Section 2560.502c-6(a) addresses the general application of section 
502(c)(6) of ERISA. Paragraph (a)(1) provides that the administrator, 
as defined in ERISA section 3(16)(A), of an employee benefit plan is 
liable for the civil penalties assessed under section 502(c)(6) in each 
case in which there is a failure or refusal to furnish to the 
Department any document requested under section 104(a)(6) of ERISA and 
Sec. 2520.104a-8. Paragraph (a)(2) defines such a failure or refusal as 
a failure or refusal, in whole or in part, to furnish documents at the 
time and in the manner prescribed in the request.
    Section 2560.502c-6(b) sets forth the amount of penalties that may 
be assessed under section 502(c)(6) of ERISA. Consistent with the terms 
of section 502(c)(6) of ERISA, paragraph (b)(1) provides that the 
Department may assess a penalty of up to $100 per day, but not in 
excess of $1,000 per request. Paragraph (b)(2) provides that the date 
of a failure or refusal to furnish any documents requested under 
section 104(a)(6) of ERISA and Sec. 2520.104a-8 shall not be earlier 
than the thirtieth day after service of the request.
    Section 2560.502c-6(c) provides that, prior to the assessment of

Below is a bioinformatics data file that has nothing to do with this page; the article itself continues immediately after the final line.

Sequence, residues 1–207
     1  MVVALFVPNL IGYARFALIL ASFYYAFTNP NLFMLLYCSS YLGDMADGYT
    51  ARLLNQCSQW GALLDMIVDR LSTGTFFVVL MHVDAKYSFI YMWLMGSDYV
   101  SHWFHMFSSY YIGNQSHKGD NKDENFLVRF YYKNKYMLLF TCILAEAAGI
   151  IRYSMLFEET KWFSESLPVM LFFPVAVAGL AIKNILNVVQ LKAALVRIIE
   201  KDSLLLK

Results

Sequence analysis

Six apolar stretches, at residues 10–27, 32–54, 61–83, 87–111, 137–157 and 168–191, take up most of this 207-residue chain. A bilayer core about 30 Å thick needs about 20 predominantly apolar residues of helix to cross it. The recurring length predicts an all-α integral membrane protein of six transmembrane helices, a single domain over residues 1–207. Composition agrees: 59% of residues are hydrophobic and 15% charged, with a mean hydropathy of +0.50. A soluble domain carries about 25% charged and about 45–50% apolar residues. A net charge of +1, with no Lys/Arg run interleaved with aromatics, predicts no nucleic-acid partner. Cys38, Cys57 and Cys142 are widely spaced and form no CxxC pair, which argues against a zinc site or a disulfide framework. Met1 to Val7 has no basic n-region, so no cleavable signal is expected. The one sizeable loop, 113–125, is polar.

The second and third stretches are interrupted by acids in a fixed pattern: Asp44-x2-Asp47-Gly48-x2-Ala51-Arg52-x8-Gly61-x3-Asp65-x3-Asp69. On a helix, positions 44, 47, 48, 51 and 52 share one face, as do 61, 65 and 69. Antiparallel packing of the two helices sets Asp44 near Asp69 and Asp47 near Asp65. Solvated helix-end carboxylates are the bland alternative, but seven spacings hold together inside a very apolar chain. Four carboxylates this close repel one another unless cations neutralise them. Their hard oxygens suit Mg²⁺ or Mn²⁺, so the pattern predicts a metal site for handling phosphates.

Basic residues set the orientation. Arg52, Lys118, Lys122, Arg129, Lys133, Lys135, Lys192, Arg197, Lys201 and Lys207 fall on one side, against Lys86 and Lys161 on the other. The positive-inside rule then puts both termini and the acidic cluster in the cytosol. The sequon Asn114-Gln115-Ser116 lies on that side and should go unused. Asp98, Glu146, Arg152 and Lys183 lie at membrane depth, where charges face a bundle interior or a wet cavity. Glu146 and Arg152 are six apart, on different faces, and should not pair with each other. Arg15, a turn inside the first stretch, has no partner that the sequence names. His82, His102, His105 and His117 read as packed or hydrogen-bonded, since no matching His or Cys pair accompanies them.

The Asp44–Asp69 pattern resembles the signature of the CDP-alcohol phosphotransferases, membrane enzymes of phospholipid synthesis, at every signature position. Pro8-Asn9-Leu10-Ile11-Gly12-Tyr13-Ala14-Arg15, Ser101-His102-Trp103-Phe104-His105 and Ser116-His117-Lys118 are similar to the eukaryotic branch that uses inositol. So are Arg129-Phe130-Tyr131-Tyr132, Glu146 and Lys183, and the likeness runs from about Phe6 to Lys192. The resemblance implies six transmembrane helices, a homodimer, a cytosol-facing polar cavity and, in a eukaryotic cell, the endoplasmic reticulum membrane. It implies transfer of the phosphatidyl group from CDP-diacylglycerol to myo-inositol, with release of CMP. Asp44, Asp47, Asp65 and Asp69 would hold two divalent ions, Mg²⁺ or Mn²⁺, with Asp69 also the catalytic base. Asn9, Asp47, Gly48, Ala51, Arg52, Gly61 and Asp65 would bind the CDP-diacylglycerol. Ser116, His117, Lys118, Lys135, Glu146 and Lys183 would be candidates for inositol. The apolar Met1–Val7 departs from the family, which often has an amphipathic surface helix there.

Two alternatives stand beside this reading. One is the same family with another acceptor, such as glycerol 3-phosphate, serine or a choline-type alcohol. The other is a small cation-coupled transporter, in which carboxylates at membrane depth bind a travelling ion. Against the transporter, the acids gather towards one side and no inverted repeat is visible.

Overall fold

any penalty under section 502(c)(6) of ERISA, the Department shall 
provide the administrator with written notice indicating the 
Department's intent to assess a penalty, the amount of the penalty, the 
period to which the penalty applies, and the reason(s) for the penalty. 
The notice is to be served in accordance with Sec. 2560.502c-6(i) 
(service of notice provision). Under Sec. 2560.502c-6(f), the notice 
would become a final order of the Department, within the meaning of 
Sec. 2570.111(g) (also published as part of this rulemaking), within 30 
days of the service of the notice, unless a statement described in 
Sec. 2560.502c-6(e) is filed with the Department.
    Paragraphs (d), (e), (f), (g), and (h) of section 2560.502c-6 
generally relate to the waiver of penalties under section 502(c)(6) of 
ERISA. Paragraph (d) provides that the Department may waive all or part 
of the penalty to be assessed under section 502(c)(6) upon a showing by 
the administrator, under paragraph (e), that the failure or refusal to 
comply with a request under ERISA section 104(a)(6) and Sec. 2520.104a-
8 was due to matters reasonably beyond the control of the plan